Sarah Coral Hanson-Young (née Hanson; born 23 December 1981) is an Australian politician who has been a Senator for South Australia since July 2008, representing the Australian Greens. She is the youngest woman to be elected to federal parliament, winning election at the age of 25 and taking office at the age of 26. She was the youngest person ever elected to the Senate (although several others have been appointed at younger ages), until Jordon Steele-John was elected on a recount in 2017.
|Senator for South Australia|
|Assumed office |
1 July 2008
Sarah Coral Hanson
23 December 1981
Melbourne, Victoria, Australia
|Residence||Daw Park, Adelaide|
Early life and education
She graduated from the University of Adelaide with a Bachelor of Social Sciences in 2002. While studying, she was Environment Officer from 2001 to 2002, and then President from 2002 to 2003, of the Students' Association of the University of Adelaide.
In 2004, Hanson-Young worked as a bank teller. From 2004, until she took parliamentary office in 2008, she worked for Amnesty International as Campaign Manager for South Australia and the Northern Territory.
Prior to her entry into politics, she also worked as media advisor to Mark Parnell (SA Greens) in the 2006 South Australian election and was a campaigner with Justice for Refugees (SA).
Hanson-Young was elected senator for South Australia at the 2007 federal election. She was the first Greens senator to be elected in that state, the youngest person—at 25—ever popularly elected to the Australian senate, and the youngest woman ever elected to the Australian parliament (Natasha Stott-Despoja was younger at her first sitting, but older at the time of her election). Although the South Australian Green primary vote remained relatively unchanged, preferences from the Australian Labor Party provided the required quota for a Greens senator.
As of 2016 Hanson-Young's portfolio responsibilities within the Greens include finance and trade, arts, education, youth, and water and the Murray-Darling Basin.
Hanson-Young became the focus of attention on 18 June 2009, when the Senate President ordered the removal of her two-year-old daughter from the Senate chamber during a division. The rules of parliament at the time did not allow for senators or members to bring their children into the chamber. Public reaction on the matter was divided, and ignited a debate on accommodating children and their careers in the workplace. Despite a delay of seven years, the incident led directly to a change in the rules of both the House of Representatives and Senate, which now allow MPs and senators to care for their children for short periods in the chamber.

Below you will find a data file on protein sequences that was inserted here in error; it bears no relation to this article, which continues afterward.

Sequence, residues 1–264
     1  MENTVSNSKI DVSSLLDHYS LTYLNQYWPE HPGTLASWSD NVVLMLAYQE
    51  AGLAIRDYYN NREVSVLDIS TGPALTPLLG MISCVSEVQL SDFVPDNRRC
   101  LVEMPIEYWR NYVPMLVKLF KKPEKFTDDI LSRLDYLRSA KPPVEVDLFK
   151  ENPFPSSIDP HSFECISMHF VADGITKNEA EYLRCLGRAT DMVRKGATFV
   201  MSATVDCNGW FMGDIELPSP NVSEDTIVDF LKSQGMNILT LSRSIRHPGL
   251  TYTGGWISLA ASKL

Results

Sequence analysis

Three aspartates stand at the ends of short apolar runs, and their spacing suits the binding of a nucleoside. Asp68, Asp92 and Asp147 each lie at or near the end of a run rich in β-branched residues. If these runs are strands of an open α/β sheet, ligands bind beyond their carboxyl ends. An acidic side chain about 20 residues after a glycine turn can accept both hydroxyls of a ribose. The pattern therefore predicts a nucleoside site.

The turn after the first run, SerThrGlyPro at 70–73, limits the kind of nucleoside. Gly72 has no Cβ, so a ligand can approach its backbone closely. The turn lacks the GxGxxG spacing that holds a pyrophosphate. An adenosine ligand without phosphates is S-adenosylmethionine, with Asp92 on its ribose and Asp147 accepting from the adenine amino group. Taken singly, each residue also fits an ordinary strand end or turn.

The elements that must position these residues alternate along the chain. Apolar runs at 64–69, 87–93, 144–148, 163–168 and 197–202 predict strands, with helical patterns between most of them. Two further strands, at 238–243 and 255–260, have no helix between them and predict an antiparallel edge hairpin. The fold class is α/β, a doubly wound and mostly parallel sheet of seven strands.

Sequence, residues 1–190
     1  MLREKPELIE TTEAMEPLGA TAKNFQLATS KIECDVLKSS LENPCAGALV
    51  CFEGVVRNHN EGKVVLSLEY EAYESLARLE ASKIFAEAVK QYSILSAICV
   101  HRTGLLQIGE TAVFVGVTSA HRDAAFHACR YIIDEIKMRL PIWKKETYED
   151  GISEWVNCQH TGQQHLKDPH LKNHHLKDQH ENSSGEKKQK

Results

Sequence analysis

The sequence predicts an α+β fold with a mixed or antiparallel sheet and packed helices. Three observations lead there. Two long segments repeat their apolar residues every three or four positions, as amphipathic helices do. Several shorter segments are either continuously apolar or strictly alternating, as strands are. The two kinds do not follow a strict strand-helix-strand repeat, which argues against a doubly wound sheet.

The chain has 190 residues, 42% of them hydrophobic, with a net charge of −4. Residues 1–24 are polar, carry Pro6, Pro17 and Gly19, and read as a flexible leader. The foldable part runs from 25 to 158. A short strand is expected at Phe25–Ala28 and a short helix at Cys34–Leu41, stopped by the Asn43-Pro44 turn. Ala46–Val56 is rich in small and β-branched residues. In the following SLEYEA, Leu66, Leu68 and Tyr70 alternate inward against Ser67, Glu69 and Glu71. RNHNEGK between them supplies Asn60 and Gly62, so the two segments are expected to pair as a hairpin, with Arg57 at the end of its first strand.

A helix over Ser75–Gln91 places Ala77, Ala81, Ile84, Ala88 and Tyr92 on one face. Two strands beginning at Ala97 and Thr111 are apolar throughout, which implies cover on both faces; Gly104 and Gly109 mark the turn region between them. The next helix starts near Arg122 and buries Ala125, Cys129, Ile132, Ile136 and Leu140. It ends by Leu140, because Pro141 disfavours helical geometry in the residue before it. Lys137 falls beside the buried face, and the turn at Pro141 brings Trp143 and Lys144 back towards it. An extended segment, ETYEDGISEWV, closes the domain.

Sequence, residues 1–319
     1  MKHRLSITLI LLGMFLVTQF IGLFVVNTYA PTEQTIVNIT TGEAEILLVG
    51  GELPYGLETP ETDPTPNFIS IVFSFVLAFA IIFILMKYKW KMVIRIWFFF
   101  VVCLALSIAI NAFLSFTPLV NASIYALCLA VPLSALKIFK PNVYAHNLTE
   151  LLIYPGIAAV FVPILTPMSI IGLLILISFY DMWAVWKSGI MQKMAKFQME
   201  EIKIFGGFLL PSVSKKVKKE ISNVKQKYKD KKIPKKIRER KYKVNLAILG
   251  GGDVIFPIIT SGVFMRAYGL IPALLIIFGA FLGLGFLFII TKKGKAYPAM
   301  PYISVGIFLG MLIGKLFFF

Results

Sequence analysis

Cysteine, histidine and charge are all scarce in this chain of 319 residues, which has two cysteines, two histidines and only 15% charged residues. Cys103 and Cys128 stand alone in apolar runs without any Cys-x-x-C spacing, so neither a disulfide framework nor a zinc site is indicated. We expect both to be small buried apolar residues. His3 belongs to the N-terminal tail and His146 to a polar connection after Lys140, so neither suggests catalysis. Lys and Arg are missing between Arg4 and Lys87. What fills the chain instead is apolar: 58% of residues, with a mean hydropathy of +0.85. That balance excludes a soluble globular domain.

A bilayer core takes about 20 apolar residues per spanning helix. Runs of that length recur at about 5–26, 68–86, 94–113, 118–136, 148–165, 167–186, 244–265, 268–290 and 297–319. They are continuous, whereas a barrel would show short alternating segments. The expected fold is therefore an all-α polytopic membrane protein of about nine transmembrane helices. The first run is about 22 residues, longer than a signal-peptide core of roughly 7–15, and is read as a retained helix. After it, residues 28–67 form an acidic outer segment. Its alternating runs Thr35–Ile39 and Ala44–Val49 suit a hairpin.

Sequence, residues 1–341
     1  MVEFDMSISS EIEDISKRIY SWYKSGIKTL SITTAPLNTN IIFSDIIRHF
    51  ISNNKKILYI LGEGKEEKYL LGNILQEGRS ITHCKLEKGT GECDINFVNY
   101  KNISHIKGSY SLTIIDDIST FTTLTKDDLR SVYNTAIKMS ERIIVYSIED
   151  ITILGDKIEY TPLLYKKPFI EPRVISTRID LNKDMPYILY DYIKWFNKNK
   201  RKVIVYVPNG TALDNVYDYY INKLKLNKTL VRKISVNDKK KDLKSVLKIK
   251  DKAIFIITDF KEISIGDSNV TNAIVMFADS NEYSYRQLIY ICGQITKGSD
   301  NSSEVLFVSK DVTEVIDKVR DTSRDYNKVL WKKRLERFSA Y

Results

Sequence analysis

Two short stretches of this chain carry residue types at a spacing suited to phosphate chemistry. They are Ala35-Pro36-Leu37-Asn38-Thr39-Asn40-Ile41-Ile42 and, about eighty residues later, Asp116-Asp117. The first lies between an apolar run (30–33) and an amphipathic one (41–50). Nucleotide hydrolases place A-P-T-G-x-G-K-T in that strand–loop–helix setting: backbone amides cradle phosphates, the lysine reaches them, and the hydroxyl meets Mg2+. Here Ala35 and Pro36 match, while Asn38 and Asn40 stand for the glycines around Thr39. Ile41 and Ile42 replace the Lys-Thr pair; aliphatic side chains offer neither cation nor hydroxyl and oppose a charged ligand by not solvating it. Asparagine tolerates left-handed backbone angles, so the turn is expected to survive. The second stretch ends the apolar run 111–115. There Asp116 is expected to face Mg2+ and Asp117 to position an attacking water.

Hanson-Young challenged Christine Milne for the Green deputy leadership in October 2010, but she was unsuccessful. Following the resignation of Australian Greens leader Bob Brown in 2012, she was again nominated for the deputy leadership but lost by an undisclosed margin to Adam Bandt. Hanson-Young was re-elected to the Senate at the 2013 federal election and again at the 2016 double dissolution election.
In August 2016, Hanson-Young was replaced as the Greens' Immigration spokesperson by Nick McKim. She retained the senior portfolio areas of education and finance.
In July 2018 Senator David Leyonhjelm suggested Hanson-Young should "stop shagging men", during a parliamentary debate on women's safety, in response to a parliamentary interjection by Hanson-Young, which Leyonhjelm interpreted as being to the effect of "all men being rapists". Hanson-Young has described the idea of all men being rapists as "absurd". In response to Leyonhjelm's interjection, Hanson-Young called Leyonhjelm a "creep" before he told her to "fuck off". Hanson-Young called for Leyonhjelm to resign after Leyonhjelm refused to apologise and commenced crowd fundraising to pay for legal proceedings to sue him for defamation, claiming that any damages awarded would be donated to charity. On 14 August 2018, the Greens moved a motion in the Senate to censure Leyonhjelm for his remarks against Hanson-Young which passed 30–28. In the defamation court case, Derryn Hinch has given evidence that Hanson-Young had said "women would not need protection" (in the forms proposed by the bill) "if men stopped raping women", and that this did not mean all men raped women.
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